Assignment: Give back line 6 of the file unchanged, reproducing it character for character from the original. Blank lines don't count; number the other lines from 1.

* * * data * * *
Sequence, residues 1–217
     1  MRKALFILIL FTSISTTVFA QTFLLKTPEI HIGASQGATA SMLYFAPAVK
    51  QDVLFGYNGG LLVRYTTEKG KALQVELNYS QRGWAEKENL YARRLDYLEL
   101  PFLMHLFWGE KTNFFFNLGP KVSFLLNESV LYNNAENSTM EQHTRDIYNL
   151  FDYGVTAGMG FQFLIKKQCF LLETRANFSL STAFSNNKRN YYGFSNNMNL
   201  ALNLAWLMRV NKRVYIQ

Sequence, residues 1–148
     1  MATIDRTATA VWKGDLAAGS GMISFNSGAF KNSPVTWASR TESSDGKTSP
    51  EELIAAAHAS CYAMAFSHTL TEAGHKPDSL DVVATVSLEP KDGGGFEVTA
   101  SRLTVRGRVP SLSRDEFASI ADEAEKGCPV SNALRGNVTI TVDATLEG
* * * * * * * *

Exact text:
   201  ALNLAWLMRV NKRVYIQ